which made the walk more unpleasant still. But when she reached
l'Assommoir, the fear of receiving the drubbing herself if she badgered
her old man suddenly calmed her and made her prudent. The shop was
ablaze with the lighted gas, the flames of which were as brilliant as
suns, and the bottles and jars illuminated the walls with their colored
glass. She stood there an instant stretching her neck, her eyes close to
the window, looking between two bottle placed there for show, watching
Coupeau who was right at the back; he was sitting with some comrades at
a little zinc table, all looking vague and blue in the tobacco smoke;
and, as one could not hear them yelling, it created a funny effect to
see them gesticulating with their chins thrust forward and their eyes
starting out of their heads. Good heavens! Was it really possible that
men could leave their wives and their homes to shut themselves up thus
in a hole where they were choking?

The rain trickled down her neck; she drew herself up and went off to the
exterior Boulevard, wrapped in thought and not daring to enter. Ah! well
Coupeau would have welcomed her in a pleasant way, he who objected to be
spied upon! Besides, it really scarcely seemed to her the proper place
for a respectable woman. Twice she went back and stood before the shop
window, her eyes again riveted to the glass, annoyed at still beholding
those confounded drunkards out of the rain and yelling and drinking. The
light of l'Assommoir was reflected in the puddles on the pavement,
which simmered with little bubbles caused by the downpour. At length
she thought she was too foolish, and pushing open the door, she walked
straight up to the table where Coupeau was sitting. After all it was her
husband she came for, was it not? And she was authorized in doing so,
because he had promised to take her to the circus that evening. So much
the worse! She had no desire to melt like a cake of soap out on the

"Hullo! It's you, old woman!" exclaimed the zinc-worker, half choking
with a chuckle. "Ah! that's a good joke. Isn't it a good joke now?"

All the company laughed. Gervaise remained standing, feeling rather
bewildered. Coupeau appeared to her to be in a pleasant humor, so she
ventured to say:

"You remember, we've somewhere to go. We must hurry. We shall still be
in time to see something."

"I can't get up, I'm glued, oh! without joking," resumed Coupeau, who
continued laughing. "Try, just to satisfy yourself; pull my arm with all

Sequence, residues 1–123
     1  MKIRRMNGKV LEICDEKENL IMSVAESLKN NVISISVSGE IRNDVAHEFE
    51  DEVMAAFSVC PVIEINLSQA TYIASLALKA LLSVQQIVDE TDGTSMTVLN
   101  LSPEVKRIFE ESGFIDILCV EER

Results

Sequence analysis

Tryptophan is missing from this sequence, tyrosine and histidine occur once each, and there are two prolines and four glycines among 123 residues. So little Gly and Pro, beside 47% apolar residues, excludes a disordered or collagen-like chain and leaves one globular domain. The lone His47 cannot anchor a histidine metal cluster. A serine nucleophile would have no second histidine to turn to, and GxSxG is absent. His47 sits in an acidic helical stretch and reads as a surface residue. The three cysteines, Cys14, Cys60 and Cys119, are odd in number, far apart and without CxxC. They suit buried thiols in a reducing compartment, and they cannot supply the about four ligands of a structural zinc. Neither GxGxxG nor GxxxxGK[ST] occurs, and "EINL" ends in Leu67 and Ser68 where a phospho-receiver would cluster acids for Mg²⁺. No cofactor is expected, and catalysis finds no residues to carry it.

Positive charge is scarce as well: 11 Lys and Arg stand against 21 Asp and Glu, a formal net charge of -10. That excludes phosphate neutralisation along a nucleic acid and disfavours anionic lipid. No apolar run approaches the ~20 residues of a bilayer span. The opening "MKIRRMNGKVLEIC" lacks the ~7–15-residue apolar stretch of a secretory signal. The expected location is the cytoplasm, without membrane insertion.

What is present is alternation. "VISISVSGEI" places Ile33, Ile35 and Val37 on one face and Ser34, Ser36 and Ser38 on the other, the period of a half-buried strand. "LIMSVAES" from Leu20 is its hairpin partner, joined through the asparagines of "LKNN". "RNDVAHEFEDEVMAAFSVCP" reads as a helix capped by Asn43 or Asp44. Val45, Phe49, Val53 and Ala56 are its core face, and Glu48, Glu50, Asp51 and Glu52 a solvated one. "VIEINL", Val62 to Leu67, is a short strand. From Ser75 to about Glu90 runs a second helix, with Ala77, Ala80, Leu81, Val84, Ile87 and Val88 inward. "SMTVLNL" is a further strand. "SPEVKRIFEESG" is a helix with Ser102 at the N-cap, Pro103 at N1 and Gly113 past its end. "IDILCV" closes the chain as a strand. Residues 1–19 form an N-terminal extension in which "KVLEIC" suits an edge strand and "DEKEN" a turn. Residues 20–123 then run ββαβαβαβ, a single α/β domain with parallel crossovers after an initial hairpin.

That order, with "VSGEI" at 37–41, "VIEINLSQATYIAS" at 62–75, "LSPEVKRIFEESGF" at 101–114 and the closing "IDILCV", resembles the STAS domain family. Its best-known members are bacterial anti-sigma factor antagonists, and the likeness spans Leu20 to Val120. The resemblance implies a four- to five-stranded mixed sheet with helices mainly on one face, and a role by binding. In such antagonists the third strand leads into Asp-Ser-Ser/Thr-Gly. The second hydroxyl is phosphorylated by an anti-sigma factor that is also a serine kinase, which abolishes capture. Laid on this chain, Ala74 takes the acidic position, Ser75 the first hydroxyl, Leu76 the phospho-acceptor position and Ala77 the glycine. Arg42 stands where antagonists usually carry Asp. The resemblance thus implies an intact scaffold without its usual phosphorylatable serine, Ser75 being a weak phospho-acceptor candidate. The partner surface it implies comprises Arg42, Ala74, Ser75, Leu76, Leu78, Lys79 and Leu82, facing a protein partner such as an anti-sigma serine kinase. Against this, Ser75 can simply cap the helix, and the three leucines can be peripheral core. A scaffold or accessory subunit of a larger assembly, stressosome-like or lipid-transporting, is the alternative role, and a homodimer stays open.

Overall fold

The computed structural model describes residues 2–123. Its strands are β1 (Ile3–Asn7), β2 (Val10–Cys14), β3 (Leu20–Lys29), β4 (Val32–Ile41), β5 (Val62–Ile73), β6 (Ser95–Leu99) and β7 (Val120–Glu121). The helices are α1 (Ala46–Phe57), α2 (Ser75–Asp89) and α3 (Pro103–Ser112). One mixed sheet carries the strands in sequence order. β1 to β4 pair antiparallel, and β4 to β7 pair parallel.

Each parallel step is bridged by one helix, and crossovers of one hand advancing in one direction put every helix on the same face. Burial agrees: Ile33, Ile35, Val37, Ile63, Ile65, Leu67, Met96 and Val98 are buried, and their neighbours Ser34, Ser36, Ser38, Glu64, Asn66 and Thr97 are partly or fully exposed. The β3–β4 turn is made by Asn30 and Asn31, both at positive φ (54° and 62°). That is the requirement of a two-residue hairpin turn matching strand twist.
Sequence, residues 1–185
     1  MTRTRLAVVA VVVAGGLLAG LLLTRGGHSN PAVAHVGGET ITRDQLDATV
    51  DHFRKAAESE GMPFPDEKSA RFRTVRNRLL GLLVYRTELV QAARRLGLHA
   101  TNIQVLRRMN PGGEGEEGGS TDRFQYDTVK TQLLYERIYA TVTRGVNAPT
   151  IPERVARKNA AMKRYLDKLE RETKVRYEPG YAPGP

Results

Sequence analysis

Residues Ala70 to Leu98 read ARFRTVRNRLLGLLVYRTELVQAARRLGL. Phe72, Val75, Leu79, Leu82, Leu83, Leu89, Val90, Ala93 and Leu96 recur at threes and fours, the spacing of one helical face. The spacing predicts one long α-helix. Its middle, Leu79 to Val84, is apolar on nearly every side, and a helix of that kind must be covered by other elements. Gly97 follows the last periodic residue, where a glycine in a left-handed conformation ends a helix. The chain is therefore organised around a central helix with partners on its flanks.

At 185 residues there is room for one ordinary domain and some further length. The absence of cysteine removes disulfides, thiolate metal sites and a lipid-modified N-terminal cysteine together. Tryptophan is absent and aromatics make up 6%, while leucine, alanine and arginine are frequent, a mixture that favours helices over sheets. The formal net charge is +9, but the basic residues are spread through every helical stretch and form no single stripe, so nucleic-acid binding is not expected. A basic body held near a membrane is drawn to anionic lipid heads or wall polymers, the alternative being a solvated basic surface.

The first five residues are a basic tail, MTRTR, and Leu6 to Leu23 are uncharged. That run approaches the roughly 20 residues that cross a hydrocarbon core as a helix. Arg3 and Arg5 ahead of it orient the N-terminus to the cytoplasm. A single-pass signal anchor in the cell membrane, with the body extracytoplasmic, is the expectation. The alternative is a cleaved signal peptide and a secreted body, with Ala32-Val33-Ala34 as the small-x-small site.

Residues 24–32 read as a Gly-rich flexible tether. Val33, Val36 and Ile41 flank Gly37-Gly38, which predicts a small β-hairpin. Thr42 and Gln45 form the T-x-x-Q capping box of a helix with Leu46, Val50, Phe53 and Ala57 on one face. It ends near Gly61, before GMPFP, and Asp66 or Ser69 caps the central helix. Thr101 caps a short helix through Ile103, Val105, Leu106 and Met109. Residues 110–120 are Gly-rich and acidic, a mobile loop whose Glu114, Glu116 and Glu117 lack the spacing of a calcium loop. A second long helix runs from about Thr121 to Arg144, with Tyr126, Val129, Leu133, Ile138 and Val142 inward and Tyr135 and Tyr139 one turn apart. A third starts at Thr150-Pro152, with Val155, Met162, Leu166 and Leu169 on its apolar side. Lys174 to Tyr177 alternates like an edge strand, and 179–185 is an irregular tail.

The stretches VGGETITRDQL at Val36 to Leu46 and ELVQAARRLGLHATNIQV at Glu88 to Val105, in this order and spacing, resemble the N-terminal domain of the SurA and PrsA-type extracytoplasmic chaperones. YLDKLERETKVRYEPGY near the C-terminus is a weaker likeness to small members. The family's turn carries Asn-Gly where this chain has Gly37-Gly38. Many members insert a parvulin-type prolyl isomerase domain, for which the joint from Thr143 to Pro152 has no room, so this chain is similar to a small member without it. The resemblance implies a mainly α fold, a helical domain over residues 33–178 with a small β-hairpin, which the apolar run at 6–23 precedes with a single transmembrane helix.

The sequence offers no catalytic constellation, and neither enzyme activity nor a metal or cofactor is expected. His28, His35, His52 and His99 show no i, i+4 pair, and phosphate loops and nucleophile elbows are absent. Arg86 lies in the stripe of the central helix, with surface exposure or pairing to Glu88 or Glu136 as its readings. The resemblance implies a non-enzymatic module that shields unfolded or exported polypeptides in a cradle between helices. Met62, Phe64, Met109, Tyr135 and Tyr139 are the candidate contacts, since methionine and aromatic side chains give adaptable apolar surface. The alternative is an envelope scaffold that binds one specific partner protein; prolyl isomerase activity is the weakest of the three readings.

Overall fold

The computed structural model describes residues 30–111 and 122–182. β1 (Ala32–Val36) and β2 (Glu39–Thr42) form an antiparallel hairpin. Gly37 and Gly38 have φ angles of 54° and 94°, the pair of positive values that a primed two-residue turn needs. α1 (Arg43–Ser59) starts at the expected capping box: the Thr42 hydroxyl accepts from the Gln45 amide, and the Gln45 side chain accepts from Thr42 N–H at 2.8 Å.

your strength; try it! harder than that, tug away, up with it! You see
it's that louse Pere Colombe who's screwed me to his seat."

Gervaise had humored him at this game, and when she let go of his arm,
the comrades thought the joke so good that they tumbled up against one
another, braying and rubbing their shoulders like donkeys being groomed.
The zinc-worker's mouth was so wide with laughter that you could see
right down his throat.

"You great noodle!" said he at length, "you can surely sit down a
minute. You're better here than splashing about outside. Well, yes; I
didn't come home as I promised, I had business to attend to. Though you
may pull a long face, it won't alter matters. Make room, you others."

"If madame would accept my knees she would find them softer than the
seat," gallantly said My-Boots.

Gervaise, not wishing to attract attention, took a chair and sat down
at a short distance from the table. She looked at what the men were
drinking, some rotgut brandy which shone like gold in the glasses; a
little of it had dropped upon the table and Salted-Mouth, otherwise
Drink-without-Thirst, dipped his finger in it whilst conversing and
wrote a woman's name - "Eulalie" - in big letters. She noticed
that Bibi-the-Smoker looked shockingly jaded and thinner than a
hundred-weight of nails. My-Boot's nose was in full bloom, a regular
purple Burgundy dahlia. They were all quite dirty, their beards stiff,
their smocks ragged and stained, their hands grimy with dirt. Yet they
were still quite polite.

Gervaise noticed a couple of men at the bar. They were so drunk that
they were spilling the drink down their chins when they thought they